I recently read Cloud Atlas by David Mitchell, and whilst I thought it was an excellently written book, and I generally enjoyed it, I found the middle section a bit of a drag. After some consideration I’ve realised why. I simply don’t like it when authors write in an accent or dialect.
In fact, the more I thought about it, the more this realisation rang true, and I began to remember other examples. I have never really loved Wuthering Heights (gasp!). This is primarily because it was sold to me as a tragic, timeless romance and I discovered it to be a book full of pathetic, bitter and petty characters that don’t have a single redeeming quality between them. However, my dislike of the book was deepened by Joseph, the disagreeable servant who speaks in an unintelligible Yorkshire dialect throughout the whole novel. Also he’s miserable and irritating, and generally (in my opinion) superfluous to the plot, although I’m sure I once said how his character is an example of the hardened labouring classes of nineteenth-century rural Yorkshire or some such claptrap when I studied the book at school. My point is, any book that contains the below speech is just asking to be thrown at a wall in exasperation.
We’s hae a Crahnr’s ‘quest enah, at ahr folks. One on ’em’s a’most getten his finger cut off wi’ hauding t’other froo’ sticking hisseln loike a cawlk. That’s maisterm yah knaw, ut’s soa up uh going tuh t’grand ‘sizes.
Back to Cloud Atlas. It isn’t half as bad as Wuthering Heights, but it still got to me a bit. The middle section is set an indeterminable amount of years in the future after the collapse of civilisation. The story is narrated by a man living on an island inhabited by several tribes who live without electricity, technology or any of the “Smart” of the “Old’uns”. It starts:
Old Georgie’s path an’ mine crossed more times’n I’m comfy mem’ryin, an’ after I’m died, no sayin’ what that fangy devil won’t try an’ do to me
Upon reading this first sentence my heart sank. Yes, I know it’s not that different to “normal” writing, and it’s definitely easier to understand than Joseph but I couldn’t bear the thought of a whole chunk of this novel being written like this. In my experience writing in an accent makes it awkward for the reader, constantly trying to sound out the words in their head, and it usually ends up ruining the flow of the prose.
It’s not that I don’t see where David Mitchell is coming from; it makes perfect sense to write the middle section like this as it is an oral account, not a written one, and therefore it wouldn’t make sense to be overly formal. I totally understand why he felt the need for a dialect. I also think it’s perfectly reasonable to imagine that countless years in the future after the collapse of civilisation language won’t be the same as it is now. Hell, I know that language is evolving every day and if my Victorian/Edwardian/until 10 years ago ancestors read this they would be horrified and perplexed by my informal, scatterbrained writing. I think it’s actually extremely clever of Mitchell to have written the book like this, with each section written believably in the language of its setting. The middle section is meant to be a narrated story, not a written journal or tale like the other sections, and as such it fits in with the rest of the book nicely. And the rest of the sections are also cleverly written. The proper and precise language of Adam Ewing’s Journal in the nineteenth century seems entirely credible, as are the funny, flowery and verbose letters from the 1930s.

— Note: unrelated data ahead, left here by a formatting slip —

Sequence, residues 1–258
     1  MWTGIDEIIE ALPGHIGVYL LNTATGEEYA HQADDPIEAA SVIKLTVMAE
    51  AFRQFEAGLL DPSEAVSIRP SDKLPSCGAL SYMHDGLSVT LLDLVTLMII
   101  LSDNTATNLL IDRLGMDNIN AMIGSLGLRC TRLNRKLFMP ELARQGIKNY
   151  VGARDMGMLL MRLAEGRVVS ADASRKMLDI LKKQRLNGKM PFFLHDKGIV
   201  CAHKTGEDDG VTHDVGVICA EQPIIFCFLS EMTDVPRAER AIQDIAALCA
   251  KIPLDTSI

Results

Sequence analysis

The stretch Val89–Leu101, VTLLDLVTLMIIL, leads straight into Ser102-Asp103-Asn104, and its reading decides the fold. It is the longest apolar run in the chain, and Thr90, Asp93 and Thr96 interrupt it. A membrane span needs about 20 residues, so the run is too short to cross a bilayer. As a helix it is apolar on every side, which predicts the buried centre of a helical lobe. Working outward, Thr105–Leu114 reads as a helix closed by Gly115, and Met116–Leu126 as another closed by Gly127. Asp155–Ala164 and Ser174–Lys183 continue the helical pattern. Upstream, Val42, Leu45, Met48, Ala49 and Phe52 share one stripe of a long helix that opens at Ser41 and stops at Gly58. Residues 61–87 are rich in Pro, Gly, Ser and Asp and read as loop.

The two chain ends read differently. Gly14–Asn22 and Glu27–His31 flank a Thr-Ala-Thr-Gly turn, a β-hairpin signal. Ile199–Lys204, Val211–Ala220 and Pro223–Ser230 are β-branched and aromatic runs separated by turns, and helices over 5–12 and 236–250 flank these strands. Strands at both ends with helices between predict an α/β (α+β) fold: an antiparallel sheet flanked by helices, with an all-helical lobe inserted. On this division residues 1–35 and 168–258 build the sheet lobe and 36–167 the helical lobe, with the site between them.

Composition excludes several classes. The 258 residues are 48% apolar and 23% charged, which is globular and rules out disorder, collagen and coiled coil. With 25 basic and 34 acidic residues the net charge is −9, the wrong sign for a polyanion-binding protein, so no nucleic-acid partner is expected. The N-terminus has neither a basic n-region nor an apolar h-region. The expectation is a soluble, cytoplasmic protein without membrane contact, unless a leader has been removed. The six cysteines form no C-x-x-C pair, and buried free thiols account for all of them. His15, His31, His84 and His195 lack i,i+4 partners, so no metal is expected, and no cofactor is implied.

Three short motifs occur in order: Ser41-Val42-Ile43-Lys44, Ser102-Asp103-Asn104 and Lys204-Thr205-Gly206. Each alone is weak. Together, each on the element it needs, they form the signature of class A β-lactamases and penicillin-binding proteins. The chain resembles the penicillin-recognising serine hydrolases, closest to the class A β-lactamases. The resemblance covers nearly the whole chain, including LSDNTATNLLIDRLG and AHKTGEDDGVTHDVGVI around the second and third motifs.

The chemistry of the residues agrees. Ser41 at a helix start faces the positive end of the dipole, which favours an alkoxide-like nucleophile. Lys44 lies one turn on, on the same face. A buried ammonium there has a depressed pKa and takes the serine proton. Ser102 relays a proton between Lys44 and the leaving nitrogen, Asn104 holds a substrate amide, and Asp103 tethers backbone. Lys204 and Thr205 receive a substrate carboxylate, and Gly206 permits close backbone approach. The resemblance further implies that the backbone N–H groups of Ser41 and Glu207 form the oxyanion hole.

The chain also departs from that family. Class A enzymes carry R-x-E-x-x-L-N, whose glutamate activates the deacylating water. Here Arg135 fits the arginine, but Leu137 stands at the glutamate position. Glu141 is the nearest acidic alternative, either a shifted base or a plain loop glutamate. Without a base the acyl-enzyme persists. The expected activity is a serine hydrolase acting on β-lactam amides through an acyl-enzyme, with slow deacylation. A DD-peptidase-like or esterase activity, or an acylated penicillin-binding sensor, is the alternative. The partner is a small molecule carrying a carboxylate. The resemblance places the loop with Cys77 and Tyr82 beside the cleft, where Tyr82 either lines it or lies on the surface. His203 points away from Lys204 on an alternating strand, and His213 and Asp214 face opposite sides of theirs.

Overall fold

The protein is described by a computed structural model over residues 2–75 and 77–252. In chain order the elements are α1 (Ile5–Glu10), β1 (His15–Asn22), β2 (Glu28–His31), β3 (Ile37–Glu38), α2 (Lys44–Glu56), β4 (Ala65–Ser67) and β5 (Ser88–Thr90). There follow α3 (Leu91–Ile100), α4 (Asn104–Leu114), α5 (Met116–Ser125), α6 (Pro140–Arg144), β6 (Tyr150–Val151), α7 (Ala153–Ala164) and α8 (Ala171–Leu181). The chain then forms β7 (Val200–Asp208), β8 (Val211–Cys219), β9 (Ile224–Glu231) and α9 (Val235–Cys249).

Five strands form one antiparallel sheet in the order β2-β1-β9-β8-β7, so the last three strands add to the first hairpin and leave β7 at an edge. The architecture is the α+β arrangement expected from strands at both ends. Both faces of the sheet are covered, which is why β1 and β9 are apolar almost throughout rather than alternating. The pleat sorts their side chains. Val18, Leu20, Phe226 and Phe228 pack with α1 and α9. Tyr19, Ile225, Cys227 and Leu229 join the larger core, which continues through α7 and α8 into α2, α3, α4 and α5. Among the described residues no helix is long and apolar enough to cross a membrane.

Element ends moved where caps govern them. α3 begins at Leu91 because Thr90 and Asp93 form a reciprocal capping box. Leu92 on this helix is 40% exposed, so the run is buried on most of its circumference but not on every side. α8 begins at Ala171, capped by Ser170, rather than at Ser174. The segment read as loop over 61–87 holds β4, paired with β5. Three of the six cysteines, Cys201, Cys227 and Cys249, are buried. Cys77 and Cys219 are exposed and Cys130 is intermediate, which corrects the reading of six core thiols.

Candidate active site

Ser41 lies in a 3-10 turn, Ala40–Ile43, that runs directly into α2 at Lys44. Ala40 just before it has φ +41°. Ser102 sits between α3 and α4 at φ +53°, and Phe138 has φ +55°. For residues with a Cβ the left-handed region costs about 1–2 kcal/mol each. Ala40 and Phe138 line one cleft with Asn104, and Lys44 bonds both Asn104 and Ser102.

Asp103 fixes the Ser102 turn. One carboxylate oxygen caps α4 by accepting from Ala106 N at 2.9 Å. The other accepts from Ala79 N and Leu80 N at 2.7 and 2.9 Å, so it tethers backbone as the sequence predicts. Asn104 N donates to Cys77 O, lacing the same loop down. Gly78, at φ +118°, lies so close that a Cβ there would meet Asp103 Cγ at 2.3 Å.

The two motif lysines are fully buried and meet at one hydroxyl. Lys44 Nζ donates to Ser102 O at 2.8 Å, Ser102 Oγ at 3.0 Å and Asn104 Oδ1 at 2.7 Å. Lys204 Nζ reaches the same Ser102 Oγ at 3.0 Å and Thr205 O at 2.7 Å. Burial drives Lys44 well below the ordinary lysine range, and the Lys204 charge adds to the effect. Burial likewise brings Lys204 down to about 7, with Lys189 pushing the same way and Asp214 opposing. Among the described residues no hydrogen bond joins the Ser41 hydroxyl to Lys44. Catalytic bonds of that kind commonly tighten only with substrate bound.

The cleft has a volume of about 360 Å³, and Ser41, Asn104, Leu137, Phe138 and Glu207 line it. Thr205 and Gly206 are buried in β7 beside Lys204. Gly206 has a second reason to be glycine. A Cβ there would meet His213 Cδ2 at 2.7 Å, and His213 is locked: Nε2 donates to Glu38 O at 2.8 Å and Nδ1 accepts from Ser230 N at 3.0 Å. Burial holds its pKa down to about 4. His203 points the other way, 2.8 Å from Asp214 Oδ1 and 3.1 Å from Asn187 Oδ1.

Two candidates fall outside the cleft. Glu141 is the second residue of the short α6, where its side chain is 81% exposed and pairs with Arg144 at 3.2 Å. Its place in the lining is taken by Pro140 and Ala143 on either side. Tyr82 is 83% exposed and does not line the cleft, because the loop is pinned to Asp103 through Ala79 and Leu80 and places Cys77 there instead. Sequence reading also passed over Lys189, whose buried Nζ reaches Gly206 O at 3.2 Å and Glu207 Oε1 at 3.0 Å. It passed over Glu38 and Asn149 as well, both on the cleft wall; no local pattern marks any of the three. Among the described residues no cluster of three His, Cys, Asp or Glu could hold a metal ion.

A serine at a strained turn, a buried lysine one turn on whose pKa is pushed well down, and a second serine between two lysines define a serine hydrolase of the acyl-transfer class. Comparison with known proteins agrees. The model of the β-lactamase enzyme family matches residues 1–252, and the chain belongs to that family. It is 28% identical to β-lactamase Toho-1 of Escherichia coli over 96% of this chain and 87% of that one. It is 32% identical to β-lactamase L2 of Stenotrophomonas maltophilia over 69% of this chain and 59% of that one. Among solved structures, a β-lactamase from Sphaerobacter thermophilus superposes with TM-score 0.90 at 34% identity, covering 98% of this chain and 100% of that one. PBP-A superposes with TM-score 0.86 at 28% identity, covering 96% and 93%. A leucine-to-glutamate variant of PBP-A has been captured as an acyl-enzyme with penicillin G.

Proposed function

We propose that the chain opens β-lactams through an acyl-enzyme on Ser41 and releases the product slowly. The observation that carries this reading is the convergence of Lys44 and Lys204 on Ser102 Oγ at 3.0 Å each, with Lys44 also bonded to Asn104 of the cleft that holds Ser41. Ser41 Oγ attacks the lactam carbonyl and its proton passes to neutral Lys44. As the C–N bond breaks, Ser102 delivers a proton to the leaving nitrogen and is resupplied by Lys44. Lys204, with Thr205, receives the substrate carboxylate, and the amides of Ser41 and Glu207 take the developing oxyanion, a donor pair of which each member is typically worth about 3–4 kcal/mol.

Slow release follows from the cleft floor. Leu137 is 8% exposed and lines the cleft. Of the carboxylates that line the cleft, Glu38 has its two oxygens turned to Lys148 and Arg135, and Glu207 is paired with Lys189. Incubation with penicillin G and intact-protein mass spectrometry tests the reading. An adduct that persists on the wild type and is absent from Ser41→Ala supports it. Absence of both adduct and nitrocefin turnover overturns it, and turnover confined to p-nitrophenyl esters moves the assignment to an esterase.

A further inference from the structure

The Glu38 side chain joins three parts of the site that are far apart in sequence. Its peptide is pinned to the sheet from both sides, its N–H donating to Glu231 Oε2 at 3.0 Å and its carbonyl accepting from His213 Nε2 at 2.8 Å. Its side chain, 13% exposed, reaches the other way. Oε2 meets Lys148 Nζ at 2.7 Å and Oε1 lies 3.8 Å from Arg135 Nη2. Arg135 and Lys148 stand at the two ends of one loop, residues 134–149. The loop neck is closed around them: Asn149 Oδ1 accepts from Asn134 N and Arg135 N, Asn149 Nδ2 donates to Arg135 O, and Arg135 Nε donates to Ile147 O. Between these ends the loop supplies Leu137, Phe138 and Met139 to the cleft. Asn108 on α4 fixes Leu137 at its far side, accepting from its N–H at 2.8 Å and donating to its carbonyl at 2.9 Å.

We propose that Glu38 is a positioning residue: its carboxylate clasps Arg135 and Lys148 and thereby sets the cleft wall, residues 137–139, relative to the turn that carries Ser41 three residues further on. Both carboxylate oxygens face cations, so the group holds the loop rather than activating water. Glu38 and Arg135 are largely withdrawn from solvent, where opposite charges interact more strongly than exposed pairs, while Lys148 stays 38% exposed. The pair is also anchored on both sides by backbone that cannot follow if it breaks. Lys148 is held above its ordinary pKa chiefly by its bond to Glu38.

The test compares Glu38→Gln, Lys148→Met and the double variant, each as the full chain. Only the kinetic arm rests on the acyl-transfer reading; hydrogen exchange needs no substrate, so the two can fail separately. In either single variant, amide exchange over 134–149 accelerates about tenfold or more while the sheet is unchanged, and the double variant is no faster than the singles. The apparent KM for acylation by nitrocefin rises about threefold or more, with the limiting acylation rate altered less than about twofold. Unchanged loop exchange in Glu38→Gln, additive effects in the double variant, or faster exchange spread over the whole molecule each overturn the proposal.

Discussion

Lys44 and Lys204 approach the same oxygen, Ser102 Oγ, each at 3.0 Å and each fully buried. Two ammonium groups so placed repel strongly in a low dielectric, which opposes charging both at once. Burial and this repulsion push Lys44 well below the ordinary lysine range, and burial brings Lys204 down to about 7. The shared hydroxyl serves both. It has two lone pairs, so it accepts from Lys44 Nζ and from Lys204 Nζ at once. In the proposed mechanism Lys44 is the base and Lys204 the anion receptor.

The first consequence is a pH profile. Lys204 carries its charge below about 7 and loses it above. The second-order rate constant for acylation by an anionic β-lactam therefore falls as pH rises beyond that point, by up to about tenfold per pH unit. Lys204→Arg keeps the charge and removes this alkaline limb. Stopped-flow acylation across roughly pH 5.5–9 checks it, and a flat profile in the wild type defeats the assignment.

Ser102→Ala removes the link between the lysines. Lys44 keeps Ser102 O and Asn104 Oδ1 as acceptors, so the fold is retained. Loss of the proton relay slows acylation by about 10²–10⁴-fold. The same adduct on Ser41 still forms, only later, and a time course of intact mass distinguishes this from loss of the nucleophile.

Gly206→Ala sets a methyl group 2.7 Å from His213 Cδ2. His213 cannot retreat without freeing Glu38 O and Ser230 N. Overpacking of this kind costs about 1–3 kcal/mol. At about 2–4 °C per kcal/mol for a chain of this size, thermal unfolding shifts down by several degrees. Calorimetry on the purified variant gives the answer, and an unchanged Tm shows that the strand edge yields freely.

However, it’s not the language I have a problem with, it’s phonetic writing. Even though writing in an accent like this is the best way for Mitchell to convey that a) it’s an oral account and b) language has changed in this future setting, I still don’t like it. Phonetic writing slows the reader down because you have to translate the words in your head (internally you go, “oh I see, by “an'” he means “and”). I don’t really want to have to translate what I’m reading. In fact, if I wanted to do that, I’d have bought a book in Italian and spent a month trying to decipher it. What I really wanted was a novel written in my own language that I could lose myself in. It’s made even worse by the fact that English is the least phonetic language in the world (it feels like it anyway). We’re just not used to reading like this! We carefully learn how to spell and say every word properly when we’re really young and then we stick to it. Stubbornly.
I’m only picking on Cloud Atlas because it is fresh in my mind. Please understand that I thought that it was a great book, and the language thing was really only a minor irritation. I’m just using it as an example of a bigger issue I have had for years. I also had similar troubles with Zora Neale Hurston’s Their Eyes Were Watching God, and even though it was a good book, I struggled through it because of the phonetically written speech. I think that generally, I have a pretty good idea of what most accents sound like in English, and if an author was to write that a character spoke in a Scottish/Irish/German/Whatever accent I would be able to hear it in my mind all on my own, without any help from the author. Sometimes it feels like writers just like showing off.
So there you have it. I reeeeaally don’t like accents and dialects in writing. In my opinion they’re unnecessary and awkward to read. Rant over.
N.B. I allow only one exception: I don’t really mind Hagrid’s slight accent in the Harry Potter books as it’s very easy to understand, doesn’t interrupt the flow of the writing and accounts for such a small part of the series. But as a Potter geek I’m probably a bit biased.